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(Since you lack virtue, I will lose a husband)
I have it not.
Sir, much like The same upon your finger.
King. Know you this ring? this ring was his of late. Dia. And this was it I gave him, being a-bed.
King. The story then goes false, you threw it him Out of a casement. Dia.
I have spoke the truth.
Enter PAROLLES. Ber. My lord, I do confess, the ring was hers. King. You boggle shrewdly, every feather starts
you.. Is this the man you speak of? Dia.
Ay, my lord. King. Tell me, sirrah, but, tell me true, I charge you, Not fearing the displeasure of your master, (Which, on your just proceeding, I 'll keep off) By him, and by this woman here, what know you?
Par. So please your majesty, my master hath been an honourable gentleman; tricks he hath had in him, which gentlemen have.
King. Come, come, to the purpose: Did he love this woman?
Par. 'Faith, sir, he did love her; But how?
the management of hawks, who were half starved till they became tractable. Thus, in Coriolanus :
I'll watch him, « Till he be dieted to my request.” “To fast, like one who takes diet,” is a comparison that occurs in The Two Gentlemen of Verona. Steevens.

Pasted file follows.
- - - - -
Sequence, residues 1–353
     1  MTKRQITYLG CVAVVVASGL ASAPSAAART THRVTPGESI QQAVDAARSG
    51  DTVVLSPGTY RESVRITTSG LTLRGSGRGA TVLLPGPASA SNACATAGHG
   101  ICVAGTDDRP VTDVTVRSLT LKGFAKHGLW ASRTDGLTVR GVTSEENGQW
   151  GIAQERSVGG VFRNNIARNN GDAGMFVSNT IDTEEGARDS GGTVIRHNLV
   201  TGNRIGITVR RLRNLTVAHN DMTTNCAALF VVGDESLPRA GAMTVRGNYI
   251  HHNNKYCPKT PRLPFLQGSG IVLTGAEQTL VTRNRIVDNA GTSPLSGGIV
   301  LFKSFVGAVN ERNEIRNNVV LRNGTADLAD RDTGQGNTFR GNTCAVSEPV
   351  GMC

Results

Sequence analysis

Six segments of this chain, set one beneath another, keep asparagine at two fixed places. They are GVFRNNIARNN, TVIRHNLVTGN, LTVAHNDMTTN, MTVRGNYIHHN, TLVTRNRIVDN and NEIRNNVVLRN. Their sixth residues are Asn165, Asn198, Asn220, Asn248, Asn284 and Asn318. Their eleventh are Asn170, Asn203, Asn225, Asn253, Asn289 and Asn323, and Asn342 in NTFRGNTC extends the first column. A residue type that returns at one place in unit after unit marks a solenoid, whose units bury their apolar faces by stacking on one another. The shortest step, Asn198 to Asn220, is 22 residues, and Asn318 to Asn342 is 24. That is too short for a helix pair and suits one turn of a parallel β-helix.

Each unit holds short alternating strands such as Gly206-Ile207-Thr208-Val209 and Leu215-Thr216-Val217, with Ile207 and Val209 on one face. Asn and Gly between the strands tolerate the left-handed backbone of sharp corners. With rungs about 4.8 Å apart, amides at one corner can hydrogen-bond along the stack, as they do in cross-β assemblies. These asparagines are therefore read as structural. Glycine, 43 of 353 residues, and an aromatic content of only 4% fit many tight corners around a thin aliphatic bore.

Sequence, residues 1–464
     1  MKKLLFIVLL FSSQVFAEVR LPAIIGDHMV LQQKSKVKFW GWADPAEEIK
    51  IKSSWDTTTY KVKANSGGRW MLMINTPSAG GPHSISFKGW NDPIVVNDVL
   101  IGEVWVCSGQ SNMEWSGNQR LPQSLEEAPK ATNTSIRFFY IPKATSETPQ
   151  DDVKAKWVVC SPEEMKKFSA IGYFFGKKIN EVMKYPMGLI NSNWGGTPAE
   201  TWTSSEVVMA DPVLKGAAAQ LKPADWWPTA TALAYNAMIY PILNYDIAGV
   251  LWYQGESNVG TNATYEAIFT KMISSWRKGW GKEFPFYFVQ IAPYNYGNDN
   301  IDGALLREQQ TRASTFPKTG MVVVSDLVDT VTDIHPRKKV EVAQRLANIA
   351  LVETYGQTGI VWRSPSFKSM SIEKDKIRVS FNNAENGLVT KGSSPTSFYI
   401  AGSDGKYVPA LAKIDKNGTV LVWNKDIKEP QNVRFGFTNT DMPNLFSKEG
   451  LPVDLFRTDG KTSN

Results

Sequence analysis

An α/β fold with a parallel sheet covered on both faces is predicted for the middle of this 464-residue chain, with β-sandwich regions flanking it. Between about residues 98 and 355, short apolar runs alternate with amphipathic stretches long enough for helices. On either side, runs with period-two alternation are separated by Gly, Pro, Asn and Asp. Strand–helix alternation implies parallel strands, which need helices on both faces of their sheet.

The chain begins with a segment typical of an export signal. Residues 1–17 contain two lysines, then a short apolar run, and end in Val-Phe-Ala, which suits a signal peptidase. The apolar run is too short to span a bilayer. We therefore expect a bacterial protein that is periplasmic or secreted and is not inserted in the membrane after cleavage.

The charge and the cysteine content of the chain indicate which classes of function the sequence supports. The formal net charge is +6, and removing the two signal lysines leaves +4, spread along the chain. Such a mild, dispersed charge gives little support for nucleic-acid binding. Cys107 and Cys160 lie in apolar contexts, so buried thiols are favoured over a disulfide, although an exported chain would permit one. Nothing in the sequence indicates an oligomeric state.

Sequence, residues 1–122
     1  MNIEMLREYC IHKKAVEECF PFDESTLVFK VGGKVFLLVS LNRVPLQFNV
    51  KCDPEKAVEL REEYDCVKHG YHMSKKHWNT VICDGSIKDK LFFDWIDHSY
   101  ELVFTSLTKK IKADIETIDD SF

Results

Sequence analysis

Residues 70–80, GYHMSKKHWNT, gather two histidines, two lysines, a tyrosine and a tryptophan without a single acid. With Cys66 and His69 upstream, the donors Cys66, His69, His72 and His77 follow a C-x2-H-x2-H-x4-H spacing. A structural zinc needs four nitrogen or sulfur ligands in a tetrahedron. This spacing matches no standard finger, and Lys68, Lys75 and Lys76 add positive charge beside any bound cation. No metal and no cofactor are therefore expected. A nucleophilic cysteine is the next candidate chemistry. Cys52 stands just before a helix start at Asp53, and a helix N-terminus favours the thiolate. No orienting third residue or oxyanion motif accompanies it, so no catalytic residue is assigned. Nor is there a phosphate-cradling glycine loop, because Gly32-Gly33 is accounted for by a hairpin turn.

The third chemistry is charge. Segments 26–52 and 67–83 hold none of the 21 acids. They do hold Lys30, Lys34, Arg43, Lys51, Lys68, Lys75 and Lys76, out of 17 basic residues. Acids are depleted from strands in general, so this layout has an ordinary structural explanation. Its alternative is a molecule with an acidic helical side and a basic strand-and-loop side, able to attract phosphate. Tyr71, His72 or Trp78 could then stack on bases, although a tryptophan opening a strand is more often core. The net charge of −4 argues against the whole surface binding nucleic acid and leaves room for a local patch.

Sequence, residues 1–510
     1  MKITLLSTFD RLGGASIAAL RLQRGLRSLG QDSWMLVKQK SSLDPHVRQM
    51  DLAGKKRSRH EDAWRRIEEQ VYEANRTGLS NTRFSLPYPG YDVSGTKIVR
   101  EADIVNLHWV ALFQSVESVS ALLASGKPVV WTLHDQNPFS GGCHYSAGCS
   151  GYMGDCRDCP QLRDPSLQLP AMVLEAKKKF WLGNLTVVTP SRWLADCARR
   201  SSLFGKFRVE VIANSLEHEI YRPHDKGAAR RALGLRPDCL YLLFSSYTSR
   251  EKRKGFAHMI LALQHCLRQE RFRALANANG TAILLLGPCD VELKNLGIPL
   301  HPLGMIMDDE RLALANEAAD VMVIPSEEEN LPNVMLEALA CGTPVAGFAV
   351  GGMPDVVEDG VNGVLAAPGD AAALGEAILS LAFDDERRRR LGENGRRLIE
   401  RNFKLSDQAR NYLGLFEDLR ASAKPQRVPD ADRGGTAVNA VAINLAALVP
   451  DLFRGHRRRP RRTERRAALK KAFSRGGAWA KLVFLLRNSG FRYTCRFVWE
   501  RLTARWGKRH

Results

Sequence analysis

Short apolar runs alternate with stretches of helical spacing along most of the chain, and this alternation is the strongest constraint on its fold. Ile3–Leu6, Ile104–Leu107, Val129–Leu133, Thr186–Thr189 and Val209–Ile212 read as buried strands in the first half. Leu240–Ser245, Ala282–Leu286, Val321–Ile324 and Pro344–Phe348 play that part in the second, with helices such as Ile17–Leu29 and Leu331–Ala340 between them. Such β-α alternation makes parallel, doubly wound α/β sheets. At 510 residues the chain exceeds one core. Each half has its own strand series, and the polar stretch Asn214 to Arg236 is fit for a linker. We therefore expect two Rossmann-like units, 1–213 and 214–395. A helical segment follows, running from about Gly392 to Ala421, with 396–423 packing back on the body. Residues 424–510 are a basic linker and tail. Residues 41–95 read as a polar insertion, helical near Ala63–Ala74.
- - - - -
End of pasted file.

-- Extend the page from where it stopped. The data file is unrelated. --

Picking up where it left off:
he did love her ; But how?] But how perhaps belongs to the King's next speech:
But how, how, I pray you ? This suits better with the King's apparent impatience and solicitude for Helena. Malone.
Surely all transfer of these words is needless. Hamlet ad. dresses such another flippant interrogatory to himself: “ The mousc-trap. Marry, how? Tropically.” Steevens.
Par. He did love her, sir, as a gentleman loves a woman.
King. How is that?
King. As thou art a knave, and no knave:
Par. I am a poor man, and at your majesty's command.
Par. Yes, so please your majesty; I did go between them, as I said; but more than that, he loved her,—for, indeed, he was mad for her, and talked of Satan, and of limbo, and of furies, and I know not what: yet I was in that credit with them at that time, that I knew of their going to bed; and of other motions, as promising her marriage, and things that would derive me ill will to speak of, therefore I will not speak what I know.
King. Thou hast spoken all already, unless thou canst say they are married: But thou art too fine in thy evidence;2 therefore stand aside. This ring, you say, was yours? Dia.
Ay, my good lord.